// Interface following reference countable interface
// We have provided inbuilt embeddable implementation of the reference countable pool
// This interface just provides the extensibility for the implementation
type ReferenceCountable interface {
	// Method to set the current instance
	SetInstance(i interface{})
	// Method to increment the reference count
	// Method to decrement reference count

We will write a struct that implements this interface, which can be embedded in our own structs.

// Struct representing reference
// This struct is supposed to be embedded inside the object to be pooled
// Along with that incrementing and decrementing the references is highly important specifically around routines
type ReferenceCounter struct {
	count       *uint32                 `sql:"-" json:"-" yaml:"-"`
	destination *sync.Pool              `sql:"-" json:"-" yaml:"-"`
	released    *uint32                 `sql:"-" json:"-" yaml:"-"`
	Instance    interface{}             `sql:"-" json:"-" yaml:"-"`
	reset       func(interface{}) error `sql:"-" json:"-" yaml:"-"`
	id          uint32                  `sql:"-" json:"-" yaml:"-"`

// Method to increment a reference
func (r ReferenceCounter) IncrementReferenceCount() {
	atomic.AddUint32(r.count, 1)

// Method to decrement a reference
// If the reference count goes to zero, the object is put back inside the pool
func (r ReferenceCounter) DecrementReferenceCount() {
	if atomic.LoadUint32(r.count) == 0 {
		panic("this should not happen =>" + reflect.TypeOf(r.Instance).String())
	if atomic.AddUint32(r.count, ^uint32(0)) == 0 {
		atomic.AddUint32(r.released, 1)
		if err := r.reset(r.Instance); err != nil {
			panic("error while resetting an instance => " + err.Error())
		r.instance = nil

// Method to set the current instance
func (r *ReferenceCounter) SetInstance(i interface{}) {
	r.instance = i

And finally the pool, Reference coutable pool

// Struct representing the pool
type referenceCountedPool struct {
	pool       *sync.Pool
	factory    func() ReferenceCountable
	returned   uint32
	allocated  uint32
	referenced uint32

// Method to create a new pool
func NewReferenceCountedPool(factory func(referenceCounter ReferenceCounter) ReferenceCountable, reset func(interface{}) error) *referenceCountedPool {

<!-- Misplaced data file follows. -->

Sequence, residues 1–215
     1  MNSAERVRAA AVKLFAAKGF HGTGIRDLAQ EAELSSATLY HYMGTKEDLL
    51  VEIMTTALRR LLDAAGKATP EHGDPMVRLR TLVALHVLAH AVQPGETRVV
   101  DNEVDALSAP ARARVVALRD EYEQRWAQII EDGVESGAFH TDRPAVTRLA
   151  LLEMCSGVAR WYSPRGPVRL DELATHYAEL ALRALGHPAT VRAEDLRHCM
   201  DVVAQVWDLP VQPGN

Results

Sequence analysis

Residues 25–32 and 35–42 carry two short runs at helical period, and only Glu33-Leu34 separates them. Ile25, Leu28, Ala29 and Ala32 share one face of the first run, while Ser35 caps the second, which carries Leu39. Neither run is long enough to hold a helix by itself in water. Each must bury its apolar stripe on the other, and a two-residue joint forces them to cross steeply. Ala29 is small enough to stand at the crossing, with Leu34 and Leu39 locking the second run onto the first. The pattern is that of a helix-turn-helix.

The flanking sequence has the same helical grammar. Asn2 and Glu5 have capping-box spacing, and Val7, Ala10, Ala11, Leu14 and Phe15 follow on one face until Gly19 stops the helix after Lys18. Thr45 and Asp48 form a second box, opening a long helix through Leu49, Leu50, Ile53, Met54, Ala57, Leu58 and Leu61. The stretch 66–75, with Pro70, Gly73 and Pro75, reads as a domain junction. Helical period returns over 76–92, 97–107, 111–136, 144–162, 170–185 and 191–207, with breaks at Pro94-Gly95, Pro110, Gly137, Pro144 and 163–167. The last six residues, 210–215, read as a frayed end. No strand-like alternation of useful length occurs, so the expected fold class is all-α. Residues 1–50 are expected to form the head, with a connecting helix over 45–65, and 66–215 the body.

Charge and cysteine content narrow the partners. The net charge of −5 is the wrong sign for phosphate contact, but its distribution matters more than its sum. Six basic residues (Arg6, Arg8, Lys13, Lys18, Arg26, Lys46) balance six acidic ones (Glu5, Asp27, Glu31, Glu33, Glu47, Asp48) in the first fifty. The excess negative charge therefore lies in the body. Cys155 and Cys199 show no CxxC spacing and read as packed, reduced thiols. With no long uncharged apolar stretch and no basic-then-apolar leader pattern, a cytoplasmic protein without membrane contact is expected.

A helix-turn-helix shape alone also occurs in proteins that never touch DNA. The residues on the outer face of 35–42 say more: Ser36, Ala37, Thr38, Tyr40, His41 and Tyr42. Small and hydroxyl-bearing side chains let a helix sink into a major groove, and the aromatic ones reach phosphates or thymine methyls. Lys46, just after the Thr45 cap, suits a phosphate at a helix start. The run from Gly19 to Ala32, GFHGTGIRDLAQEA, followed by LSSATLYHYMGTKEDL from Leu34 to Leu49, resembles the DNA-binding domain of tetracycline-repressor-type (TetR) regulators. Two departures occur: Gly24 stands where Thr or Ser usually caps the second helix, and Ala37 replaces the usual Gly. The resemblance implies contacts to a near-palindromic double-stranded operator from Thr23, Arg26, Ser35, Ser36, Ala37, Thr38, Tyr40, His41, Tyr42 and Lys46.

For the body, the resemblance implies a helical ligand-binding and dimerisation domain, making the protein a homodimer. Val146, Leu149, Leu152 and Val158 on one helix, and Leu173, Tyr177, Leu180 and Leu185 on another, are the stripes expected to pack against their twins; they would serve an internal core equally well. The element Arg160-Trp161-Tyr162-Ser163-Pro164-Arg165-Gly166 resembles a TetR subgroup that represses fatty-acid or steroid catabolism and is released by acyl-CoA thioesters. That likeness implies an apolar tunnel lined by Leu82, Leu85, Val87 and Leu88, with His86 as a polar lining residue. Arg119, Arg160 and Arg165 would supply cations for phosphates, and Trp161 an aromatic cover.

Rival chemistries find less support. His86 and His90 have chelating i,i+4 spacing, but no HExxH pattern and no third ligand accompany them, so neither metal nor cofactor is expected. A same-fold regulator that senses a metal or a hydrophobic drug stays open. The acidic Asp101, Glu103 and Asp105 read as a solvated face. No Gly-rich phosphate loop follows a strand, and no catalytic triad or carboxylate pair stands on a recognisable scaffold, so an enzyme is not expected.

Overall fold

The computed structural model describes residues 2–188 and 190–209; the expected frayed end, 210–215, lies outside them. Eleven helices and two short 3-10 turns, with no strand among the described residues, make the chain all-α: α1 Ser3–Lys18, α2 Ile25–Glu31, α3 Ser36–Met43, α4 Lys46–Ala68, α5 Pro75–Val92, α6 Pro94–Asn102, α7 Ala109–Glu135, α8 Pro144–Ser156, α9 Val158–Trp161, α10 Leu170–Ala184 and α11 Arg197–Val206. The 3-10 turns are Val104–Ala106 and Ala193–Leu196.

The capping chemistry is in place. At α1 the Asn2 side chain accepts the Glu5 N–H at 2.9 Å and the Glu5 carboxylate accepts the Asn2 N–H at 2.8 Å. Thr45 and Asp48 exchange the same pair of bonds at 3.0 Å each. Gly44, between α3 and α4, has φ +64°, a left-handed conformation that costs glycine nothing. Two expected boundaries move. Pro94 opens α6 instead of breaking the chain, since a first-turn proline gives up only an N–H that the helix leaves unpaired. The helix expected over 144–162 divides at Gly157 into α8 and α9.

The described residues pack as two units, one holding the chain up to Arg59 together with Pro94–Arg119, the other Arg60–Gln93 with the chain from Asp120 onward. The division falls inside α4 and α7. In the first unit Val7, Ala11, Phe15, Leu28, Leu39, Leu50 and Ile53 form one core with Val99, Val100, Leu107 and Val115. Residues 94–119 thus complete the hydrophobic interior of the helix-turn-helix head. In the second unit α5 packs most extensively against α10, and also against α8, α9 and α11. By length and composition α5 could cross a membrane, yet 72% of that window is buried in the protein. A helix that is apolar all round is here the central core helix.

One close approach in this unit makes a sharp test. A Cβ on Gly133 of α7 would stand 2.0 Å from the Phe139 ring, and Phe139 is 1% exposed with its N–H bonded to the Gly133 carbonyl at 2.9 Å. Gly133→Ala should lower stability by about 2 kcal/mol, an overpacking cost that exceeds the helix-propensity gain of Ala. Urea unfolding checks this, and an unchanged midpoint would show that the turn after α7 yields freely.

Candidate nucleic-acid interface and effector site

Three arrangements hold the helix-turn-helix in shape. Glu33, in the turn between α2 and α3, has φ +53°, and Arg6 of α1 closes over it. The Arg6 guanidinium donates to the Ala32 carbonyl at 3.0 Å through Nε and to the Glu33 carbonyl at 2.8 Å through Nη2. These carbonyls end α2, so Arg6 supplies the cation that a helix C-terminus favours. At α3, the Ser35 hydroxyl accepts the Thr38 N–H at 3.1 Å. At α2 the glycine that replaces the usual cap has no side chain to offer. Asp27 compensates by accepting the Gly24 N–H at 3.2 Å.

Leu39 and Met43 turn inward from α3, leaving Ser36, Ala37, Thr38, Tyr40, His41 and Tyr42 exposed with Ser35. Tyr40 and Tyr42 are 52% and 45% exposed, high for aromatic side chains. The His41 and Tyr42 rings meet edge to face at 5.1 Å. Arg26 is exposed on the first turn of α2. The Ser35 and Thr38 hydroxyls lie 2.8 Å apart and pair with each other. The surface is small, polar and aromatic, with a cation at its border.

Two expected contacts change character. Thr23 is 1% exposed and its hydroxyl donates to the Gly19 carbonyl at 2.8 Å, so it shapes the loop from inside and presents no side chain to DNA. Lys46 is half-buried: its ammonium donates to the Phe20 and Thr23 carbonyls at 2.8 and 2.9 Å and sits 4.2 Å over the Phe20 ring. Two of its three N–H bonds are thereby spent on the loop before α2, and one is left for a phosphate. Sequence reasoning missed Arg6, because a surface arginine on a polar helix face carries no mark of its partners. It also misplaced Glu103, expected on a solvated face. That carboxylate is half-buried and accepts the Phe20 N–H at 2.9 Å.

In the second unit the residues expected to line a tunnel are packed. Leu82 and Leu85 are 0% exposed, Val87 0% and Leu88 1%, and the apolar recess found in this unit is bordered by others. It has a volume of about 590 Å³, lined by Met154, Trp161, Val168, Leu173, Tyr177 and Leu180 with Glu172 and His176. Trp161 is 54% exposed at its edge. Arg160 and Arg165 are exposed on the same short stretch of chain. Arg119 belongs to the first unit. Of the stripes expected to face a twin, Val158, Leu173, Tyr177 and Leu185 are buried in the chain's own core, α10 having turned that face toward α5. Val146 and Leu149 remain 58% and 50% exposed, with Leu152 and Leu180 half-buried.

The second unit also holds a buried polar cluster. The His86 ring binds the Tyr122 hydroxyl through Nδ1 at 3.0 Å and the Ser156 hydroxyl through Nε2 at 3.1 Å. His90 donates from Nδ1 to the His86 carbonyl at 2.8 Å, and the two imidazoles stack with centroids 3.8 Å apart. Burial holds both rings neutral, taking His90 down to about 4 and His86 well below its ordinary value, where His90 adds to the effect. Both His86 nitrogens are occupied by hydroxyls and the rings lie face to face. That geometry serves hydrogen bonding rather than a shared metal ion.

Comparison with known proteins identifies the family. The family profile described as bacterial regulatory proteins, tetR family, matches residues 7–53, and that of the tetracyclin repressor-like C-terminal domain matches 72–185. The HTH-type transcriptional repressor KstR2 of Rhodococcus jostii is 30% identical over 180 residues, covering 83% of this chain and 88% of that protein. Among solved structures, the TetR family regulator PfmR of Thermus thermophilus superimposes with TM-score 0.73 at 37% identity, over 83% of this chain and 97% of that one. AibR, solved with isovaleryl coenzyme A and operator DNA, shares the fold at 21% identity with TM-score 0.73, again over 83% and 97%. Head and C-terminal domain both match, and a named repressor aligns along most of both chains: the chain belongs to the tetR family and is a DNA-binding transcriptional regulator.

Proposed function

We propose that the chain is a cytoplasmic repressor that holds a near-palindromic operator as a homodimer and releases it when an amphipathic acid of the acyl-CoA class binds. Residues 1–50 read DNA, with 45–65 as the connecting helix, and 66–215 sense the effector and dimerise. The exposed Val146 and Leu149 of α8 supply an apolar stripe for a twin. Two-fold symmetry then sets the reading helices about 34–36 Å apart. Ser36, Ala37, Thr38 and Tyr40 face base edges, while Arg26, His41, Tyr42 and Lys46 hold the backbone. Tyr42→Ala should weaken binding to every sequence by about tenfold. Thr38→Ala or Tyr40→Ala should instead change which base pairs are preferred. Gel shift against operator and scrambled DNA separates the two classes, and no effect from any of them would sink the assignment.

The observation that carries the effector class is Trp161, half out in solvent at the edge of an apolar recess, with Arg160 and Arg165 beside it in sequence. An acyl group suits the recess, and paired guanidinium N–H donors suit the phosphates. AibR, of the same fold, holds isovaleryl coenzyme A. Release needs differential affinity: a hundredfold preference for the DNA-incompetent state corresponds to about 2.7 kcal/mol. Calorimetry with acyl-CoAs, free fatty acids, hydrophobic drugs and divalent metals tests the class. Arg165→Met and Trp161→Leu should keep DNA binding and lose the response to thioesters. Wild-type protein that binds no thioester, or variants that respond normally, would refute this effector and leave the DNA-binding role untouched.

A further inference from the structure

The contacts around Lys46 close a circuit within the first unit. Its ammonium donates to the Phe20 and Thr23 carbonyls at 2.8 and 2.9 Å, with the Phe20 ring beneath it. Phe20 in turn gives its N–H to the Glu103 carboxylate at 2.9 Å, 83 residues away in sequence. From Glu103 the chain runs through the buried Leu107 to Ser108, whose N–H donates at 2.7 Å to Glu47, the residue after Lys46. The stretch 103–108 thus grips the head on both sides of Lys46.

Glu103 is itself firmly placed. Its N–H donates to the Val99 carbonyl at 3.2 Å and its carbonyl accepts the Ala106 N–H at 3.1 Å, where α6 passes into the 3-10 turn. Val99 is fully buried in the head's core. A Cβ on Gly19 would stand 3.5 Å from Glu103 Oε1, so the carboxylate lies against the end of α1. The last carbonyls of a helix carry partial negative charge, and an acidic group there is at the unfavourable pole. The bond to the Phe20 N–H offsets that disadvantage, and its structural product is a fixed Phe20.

p := new(referenceCountedPool)
	p.pool = new(sync.Pool)
	p.pool.New = func() interface{} {
		// Incrementing allocated count
		atomic.AddUint32(&p.allocated, 1)
		c := factory(ReferenceCounter{
			count:       new(uint32),
			destination: p.pool,
			released:    &p.returned,
			reset:       reset,
			id:          p.allocated,
		return c
	return p

// Method to get new object
func (p *referenceCountedPool) Get() ReferenceCountable {
	c := p.pool.Get().(ReferenceCountable)
	atomic.AddUint32(&p.referenced, 1)
	return c

// Method to return reference counted pool stats
func (p *referenceCountedPool) Stats() map[string]interface{} {
	return map[string]interface{}{"allocated": p.allocated, "referenced": p.referenced, "returned": p.returned}

Now start using the ReferenceCoutedPool as following:

Consider following struct Event

// Struct representing an event
type Event struct {
	pool.ReferenceCounter `sql:"-"`

	Name      string    `json:"name"`
	Log       string    `json:"log"`
	Timestamp time.Time `json:"timestamp"`

// Method to reset event
func (e *Event) Reset() {
	e.Name = ""
	e.Log = ""
	e.Timestamp = 0

// Method to reset Event
// Used by reference countable pool
func ResetEvent(i interface{}) error {
	obj, ok := i.(*Event)
	if !ok {
		errors.New("illegal object sent to ResetEvent", i)
	return nil

// Method to create new event
func NewEvent(name, log string, timestamp time.Time) *Event {
	e := AcquireEvent()
	e.Name = name
	e.Log = log
	e.Timestamp = timestamp
	return e

And finally the Event pool

// Event pool
var eventPool = pool.NewReferenceCountedPool(
	func(counter pool.ReferenceCounter) pool.ReferenceCountable {
		br := new(Event)
		br.ReferenceCounter = counter
		return br
	}, ResetEvent)

// Method to get new Event
func AcquireEvent() *Event {
	return eventPool.Get().(*Event)

Basic usage:

e := models.NewEvent("test", "this is a test log", time.Now())
defer e.DecrementReferenceCount()


This entire method seems a bit of an overhead, and requires a lot more precision while coding. You miss Reference counting at one place and it could result in a lot of unwanted results. But this works like a charm (see the benchmarks) once you get it right.

Let me know your opinions, doubts, arguments here or at akshaymdeo[at] Happy coding \m/